4.4 Goal-oriented behaviors
In order to gather evidence of the achievement of the expected learning outcomes, the following evaluative activities will be carried out:
A1. Practice of motor behaviors and state machines (Laboratory practice / group work evidence of learning outcomes E6.1 and E6.6)
A2. Pathfinding practice (Laboratory practice / group work evidence of learning outcomes E6.1 and E6.6)
A3. Practice 3 with variable subject (Laboratory practice / group work evidence of learning outcomes E6.1 and E6.6)
The content of the practices will make special emphasis in what indicates the title although will be able to contain other own contents of the asignatura and his area.
A4. Final Exam (evidence of learning outcomes E6.1, E6.4 and E6.6)
The student will have to show his knowledge with regard to the theoretical appearances of the asignatura and do small developments of practical character.
General criteria of the activities
- The teacher will present a statement for each activity and the evaluation and / or rubric criteria
- The teacher will inform of the dates and the format of delivery of the activity
The grade of each student will be calculated following the following percentages:
A (1,2,3). Laboratory practices / group work: 50% (1/3 50% each)
A4. Final Exam: 50%
Final Note = A (1,2,3) · 0.5 + A4 · 0.5
- A4> = 5 is required to pass the subject. If this grade does not reach 5 then she herself will be the final grade.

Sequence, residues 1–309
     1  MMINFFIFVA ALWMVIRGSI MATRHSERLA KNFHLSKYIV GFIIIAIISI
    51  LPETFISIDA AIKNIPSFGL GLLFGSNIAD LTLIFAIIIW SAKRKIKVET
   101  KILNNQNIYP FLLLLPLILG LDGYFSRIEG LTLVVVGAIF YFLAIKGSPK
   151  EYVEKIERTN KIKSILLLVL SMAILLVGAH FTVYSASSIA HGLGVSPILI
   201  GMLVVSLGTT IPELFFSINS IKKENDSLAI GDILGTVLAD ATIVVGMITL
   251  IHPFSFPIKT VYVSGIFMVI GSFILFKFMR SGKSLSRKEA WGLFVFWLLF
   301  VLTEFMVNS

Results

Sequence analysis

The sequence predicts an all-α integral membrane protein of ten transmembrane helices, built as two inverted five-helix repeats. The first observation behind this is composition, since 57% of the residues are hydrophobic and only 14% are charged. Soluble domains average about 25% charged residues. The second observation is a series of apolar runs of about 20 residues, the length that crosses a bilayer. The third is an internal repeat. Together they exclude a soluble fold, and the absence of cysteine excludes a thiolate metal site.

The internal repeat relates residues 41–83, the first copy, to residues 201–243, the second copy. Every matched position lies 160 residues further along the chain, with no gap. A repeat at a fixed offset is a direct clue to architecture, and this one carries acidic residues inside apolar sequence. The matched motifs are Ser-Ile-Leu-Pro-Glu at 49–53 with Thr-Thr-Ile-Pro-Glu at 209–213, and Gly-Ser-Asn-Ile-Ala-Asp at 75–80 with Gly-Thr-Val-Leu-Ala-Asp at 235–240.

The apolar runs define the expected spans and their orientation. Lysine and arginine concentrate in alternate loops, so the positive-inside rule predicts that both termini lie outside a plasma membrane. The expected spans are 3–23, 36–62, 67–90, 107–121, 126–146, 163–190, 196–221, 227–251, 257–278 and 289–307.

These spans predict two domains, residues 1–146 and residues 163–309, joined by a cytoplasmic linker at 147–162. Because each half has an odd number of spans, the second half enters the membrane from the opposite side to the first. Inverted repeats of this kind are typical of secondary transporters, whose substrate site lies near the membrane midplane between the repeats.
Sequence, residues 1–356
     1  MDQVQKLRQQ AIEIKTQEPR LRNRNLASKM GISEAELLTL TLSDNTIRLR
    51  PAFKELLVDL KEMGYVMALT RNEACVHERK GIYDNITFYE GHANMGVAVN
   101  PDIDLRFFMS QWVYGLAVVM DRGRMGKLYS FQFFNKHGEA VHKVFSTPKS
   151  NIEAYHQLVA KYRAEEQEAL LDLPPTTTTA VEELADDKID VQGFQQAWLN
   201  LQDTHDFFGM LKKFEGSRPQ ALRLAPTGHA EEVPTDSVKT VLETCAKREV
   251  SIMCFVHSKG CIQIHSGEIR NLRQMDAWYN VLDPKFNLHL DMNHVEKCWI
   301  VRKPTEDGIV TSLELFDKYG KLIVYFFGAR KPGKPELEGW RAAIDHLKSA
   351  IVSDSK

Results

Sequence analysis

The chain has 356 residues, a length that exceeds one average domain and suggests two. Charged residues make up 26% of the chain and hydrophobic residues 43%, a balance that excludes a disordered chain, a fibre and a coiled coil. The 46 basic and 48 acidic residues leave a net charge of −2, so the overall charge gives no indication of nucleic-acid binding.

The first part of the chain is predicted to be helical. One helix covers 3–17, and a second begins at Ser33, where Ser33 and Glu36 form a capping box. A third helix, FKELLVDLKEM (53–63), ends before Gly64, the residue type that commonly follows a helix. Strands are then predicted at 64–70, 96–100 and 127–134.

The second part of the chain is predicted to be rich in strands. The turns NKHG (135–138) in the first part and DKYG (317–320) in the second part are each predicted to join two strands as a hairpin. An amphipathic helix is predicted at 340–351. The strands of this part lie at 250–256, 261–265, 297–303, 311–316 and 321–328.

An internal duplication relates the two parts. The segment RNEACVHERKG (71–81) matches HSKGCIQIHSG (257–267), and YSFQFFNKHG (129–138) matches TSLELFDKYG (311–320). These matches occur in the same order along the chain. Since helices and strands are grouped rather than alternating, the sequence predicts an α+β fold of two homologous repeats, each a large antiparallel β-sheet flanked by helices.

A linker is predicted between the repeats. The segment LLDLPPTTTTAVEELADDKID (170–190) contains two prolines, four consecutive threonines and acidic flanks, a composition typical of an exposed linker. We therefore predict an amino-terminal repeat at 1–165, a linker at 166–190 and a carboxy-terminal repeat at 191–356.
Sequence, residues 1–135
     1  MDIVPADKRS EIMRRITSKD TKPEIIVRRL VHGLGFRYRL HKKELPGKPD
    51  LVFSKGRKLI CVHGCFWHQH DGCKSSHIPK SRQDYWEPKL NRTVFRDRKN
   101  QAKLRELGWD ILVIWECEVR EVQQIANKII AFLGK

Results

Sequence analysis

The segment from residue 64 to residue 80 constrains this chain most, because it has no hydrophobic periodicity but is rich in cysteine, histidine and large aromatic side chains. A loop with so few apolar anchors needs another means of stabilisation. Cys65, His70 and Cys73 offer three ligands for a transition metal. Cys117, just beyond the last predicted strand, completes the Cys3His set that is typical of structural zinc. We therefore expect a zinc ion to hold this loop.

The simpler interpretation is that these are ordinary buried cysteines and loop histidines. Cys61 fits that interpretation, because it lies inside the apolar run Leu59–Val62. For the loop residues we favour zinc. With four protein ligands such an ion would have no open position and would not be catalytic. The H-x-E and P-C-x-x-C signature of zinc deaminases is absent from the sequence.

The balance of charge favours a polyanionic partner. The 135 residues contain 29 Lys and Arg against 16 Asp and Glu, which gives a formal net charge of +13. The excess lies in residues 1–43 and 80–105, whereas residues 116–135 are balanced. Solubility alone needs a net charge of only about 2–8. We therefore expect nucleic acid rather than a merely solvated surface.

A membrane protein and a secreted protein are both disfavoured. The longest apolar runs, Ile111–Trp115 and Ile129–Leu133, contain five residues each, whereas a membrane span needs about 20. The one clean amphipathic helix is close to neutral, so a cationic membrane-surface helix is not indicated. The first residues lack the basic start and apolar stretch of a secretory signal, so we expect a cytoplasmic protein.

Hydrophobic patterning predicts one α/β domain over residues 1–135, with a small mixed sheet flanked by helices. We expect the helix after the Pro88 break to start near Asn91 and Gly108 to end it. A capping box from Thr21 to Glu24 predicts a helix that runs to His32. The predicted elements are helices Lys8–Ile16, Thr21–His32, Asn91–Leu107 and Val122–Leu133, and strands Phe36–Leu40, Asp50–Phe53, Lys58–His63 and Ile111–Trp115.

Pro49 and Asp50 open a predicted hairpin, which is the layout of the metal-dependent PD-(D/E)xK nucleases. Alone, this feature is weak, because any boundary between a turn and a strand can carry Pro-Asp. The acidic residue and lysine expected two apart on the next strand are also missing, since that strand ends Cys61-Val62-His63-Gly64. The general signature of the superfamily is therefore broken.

- An activity not delivered or delivered late and without justification (court summons or medical matter) counts as a 0.
- It is the student's responsibility to avoid plagiarism in all its forms. In the case of detecting plagiarism, regardless of its scope, in any assessment activity (including practices), article 8 of the assessment regulations will apply, which entails the automatic suspension of the subject without the possibility of recovery. In addition, the professor will communicate the situation to the Head of Studies so that he can take applicable measures in terms of disciplinary regime. In the context of this subject, plagiarism also means using and/or adapting code that has not been developed entirely individually (or within the group in the case of group activities). Facilitating code that results in plagiarism is also a form of plagiarism and will be treated in the same way. In summary, we can say that assessment activities must be solved in a strictly non-collaborative way (in the case of group activities, collaboration cannot go beyond the group itself).
- It is necessary to obtain a mark> = 5 in the final exam of recovery to pass the asignatura.
- The mark of the recovery exam will be applied to the A4 activity (and the formula Final Grade = A (1,2,3) · 0.5 + A4 · 0.5 will be applied again)
- In case of passing the recovery (A (1,2,3) · 0.5 + A4 · 0.5> = 5) the maximum final mark of the subject will be 5
Millington, I. (2019). AI for games. Boca Raton, FL: CRC Press, Taylor & Francis Group.
Buckland, M. (2009). Programming game AI by example. Plano, TX: Wordware Publ.